Protecting Yourself From Real Estate Scams
As a Lewiston-Auburn Maine Realtor®, I have received my fair share of real estate scam emails. Almost all Realtors® with a strong internet presence get these on a regular basis.
Since For Sale By Owner sellers are now utilizing more and more internet sites to advertise their homes, they may start to receive these as well. Real Estate agents are so familiar with these schemes, that they can spot them quickly and protect their sellers. While these emails often contain obvious red flags causing most people to be suspicious, they must be working on someone or the scammers would not continue to spend time sending them out. For a frustrated seller, even though their inner voice tells them it may be a scam, the temptation of a quick and easy sale can be too much to ignore.
If you are trying to sell your home by yourself, please review the latest real estate scam below so that you will be able to spot a fraudulent buyer if one comes along.
Real Estate Scam:
A scammer, posing as a buyer, sends an email, usually stating that they are moving to your location from a foreign country. They request the name and contact information of a local attorney to help them with the money transfer and offer to pay full price and close in a very short time frame, buying the home “site unseen.” They may even ask to include viewing of the home just before closing as a contingency of the sale.
The scammer does not offer the customary earnest money deposit, but rather either offers to send a very large deposit or the entire amount close to to the closing date. Just after the funds are received by the victim, and before they have a chance to clear the bank (or in this case before anyone realizes the funds are not really there) the scammer requests a refund of all or a large part of the money. They come up with various convincing sob stories for this designed to pull at your heart strings.
The scammer is hoping that the seller or the attorney’s office wires the money to them. Unfortunately, since the original funds have not cleared the bank, the money sent to the scammers will come out of the seller’s or the attorney’s pocket.
Even if you never get to the point of actually sending money back to the scammer, accepting a shady offer like this will take your home off of the market and waste your valuable time and resources.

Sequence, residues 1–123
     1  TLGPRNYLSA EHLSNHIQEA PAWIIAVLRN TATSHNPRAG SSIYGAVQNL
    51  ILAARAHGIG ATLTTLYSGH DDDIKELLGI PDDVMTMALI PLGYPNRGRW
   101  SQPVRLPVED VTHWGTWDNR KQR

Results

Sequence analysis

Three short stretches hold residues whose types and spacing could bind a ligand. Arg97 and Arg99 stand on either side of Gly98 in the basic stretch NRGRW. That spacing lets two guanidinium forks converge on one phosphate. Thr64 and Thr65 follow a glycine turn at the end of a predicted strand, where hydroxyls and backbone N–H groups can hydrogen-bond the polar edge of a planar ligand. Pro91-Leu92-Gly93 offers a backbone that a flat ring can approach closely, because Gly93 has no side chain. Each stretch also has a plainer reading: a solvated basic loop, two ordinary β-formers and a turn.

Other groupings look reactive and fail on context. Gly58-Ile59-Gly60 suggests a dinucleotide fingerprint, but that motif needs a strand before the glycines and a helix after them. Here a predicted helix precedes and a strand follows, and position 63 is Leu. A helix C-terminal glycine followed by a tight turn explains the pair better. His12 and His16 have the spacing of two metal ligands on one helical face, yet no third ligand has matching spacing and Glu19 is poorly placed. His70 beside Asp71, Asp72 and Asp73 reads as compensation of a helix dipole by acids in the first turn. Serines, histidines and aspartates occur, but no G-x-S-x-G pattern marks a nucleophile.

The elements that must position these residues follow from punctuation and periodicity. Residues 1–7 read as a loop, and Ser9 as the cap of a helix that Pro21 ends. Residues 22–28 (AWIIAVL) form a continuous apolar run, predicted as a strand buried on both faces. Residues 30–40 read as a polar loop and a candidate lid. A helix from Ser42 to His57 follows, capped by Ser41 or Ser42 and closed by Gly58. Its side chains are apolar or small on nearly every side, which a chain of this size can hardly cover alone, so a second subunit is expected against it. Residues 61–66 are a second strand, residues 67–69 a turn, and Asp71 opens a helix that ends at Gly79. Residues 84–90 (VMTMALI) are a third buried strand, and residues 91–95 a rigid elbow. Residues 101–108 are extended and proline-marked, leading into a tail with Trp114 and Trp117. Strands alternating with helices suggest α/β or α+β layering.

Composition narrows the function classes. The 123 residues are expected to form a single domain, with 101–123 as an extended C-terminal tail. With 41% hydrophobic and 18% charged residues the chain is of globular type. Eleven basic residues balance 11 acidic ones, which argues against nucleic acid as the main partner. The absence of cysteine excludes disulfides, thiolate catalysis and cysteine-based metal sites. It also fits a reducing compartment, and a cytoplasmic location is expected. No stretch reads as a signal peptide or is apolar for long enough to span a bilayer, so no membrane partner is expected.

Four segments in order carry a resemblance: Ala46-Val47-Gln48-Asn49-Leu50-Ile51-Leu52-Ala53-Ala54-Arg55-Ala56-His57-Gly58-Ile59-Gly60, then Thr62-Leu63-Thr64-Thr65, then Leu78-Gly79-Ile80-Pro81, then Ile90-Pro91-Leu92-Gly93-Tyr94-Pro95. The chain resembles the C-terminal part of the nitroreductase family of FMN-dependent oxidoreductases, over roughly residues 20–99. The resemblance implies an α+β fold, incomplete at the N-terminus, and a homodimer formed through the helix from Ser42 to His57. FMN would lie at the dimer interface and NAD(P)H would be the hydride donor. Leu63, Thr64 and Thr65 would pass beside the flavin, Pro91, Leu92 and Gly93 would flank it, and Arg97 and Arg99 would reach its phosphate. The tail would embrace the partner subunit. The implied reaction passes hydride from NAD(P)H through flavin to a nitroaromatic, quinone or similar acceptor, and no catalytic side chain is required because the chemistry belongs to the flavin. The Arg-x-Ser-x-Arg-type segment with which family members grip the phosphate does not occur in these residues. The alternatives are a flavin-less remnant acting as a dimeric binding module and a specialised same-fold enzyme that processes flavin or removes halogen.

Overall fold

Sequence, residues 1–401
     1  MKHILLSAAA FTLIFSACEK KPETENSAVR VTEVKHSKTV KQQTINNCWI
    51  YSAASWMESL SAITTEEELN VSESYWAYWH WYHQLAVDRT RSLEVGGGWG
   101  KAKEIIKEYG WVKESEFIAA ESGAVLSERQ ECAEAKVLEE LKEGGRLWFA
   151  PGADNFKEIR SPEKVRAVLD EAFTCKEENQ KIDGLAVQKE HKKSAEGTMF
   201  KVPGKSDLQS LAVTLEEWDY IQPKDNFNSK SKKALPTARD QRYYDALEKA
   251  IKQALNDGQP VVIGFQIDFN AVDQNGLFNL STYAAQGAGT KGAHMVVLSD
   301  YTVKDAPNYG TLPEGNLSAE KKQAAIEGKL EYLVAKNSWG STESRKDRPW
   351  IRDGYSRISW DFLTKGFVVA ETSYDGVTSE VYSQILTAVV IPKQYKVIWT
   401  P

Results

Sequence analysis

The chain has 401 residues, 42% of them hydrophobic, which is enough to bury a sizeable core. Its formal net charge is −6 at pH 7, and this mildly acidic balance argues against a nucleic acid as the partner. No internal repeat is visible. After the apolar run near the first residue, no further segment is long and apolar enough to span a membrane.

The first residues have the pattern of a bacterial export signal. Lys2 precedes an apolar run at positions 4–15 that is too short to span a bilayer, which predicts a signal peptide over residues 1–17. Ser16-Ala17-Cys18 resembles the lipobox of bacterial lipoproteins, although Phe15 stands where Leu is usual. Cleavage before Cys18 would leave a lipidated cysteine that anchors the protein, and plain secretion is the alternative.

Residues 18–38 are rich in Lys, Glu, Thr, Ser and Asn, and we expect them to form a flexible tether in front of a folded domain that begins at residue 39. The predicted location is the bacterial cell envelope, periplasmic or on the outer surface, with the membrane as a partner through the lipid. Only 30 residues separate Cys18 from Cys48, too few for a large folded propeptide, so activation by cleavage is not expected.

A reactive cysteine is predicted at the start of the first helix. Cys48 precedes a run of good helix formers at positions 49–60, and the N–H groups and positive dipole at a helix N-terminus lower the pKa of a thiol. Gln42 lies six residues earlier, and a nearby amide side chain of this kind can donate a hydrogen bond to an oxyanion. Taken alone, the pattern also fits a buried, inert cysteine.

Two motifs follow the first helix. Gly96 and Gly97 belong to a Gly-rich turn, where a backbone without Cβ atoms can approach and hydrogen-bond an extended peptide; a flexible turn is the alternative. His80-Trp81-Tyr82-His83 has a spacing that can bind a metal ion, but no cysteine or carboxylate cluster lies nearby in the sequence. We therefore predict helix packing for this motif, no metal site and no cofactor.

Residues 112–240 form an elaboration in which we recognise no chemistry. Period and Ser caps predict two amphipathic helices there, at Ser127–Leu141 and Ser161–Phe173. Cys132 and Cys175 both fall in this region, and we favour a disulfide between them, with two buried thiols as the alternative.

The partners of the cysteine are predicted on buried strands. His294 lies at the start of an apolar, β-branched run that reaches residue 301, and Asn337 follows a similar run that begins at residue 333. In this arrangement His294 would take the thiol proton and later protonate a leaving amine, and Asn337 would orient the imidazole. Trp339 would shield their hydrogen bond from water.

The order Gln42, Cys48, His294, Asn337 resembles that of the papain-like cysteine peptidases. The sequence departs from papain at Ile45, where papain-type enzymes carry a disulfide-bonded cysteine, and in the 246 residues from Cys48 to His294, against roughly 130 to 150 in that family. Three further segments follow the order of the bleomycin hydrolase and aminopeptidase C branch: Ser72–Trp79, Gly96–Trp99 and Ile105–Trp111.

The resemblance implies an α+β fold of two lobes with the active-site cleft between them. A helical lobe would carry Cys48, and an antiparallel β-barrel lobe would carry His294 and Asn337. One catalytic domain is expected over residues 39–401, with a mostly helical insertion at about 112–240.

Originally, these scams were sent from people posing as Nigerian Princesses, wealthy investors from Jamaica, or widows from other small countries. The scammers seem to have exhausted those stories and have now moved on to posing as attorneys and teachers from European countries. They even use names and contact information of real people...with a different email address of course. That way, if a savvy seller does a little research online, they will look like a legitimate buyer at first glance.
Here are some typical red flags to look for:
- Foreign Buyer
- Needs to close quickly
- Does not want to see the home in person, or only wants to view it just before closing
- Cash Deal
- Excessively large deposit to be sent very close to the closing date
- Typos or incorrect grammar in the email
- Requests that you contact an attorney for them or send contact information
- Requests your personal information
Basically, if a deal sounds too good to be true, it is. The above red flag items by themselves do not guarantee a scam, but when you see more than one of these in an email, chances are it is a scam. The purchase of a home is a huge investment. Real buyers will want to view the home before making an offer. Serious buyers from overseas will actually schedule a time to come and look at homes before they buy. Not all foreign buyers are scammers. I myself have received a contact through facebook from a couple coming from South Africa. I was suspicious at first, but they did actually come and view homes with me. They were not in an excessive hurry, and went through the traditional steps for their home purchase.
How To Protect Yourself:
- Ask questions.
- Don’t give out any personal or bank information.
- Insist on an earnest money deposit to be deposited and held for a sufficient amount of time to ensure the funds are real.
- Consult with an attorney.
Most of all, if you have questions, consult a professional. Even if you are selling your home by yourself, I am here to help when I can. While I cannot provide you with client level services, per the rules of the Maine Real Estate Commission, I am happy to answer your questions.